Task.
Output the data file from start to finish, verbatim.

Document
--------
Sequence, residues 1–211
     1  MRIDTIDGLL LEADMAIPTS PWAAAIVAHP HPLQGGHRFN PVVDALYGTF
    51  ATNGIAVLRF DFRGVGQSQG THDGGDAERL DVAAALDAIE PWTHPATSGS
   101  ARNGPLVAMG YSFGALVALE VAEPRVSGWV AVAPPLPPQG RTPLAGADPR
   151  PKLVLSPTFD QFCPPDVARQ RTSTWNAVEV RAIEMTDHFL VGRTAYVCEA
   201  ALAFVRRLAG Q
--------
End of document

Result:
Sequence, residues 1–211
     1  MRIDTIDGLL LEADMAIPTS PWAAAIVAHP HPLQGGHRFN PVVDALYGTF
    51  ATNGIAVLRF DFRGVGQSQG THDGGDAERL DVAAALDAIE PWTHPATSGS
   101  ARNGPLVAMG YSFGALVALE VAEPRVSGWV AVAPPLPPQG RTPLAGADPR
   151  PKLVLSPTFD QFCPPDVARQ RTSTWNAVEV RAIEMTDHFL VGRTAYVCEA
   201  ALAFVRRLAG Q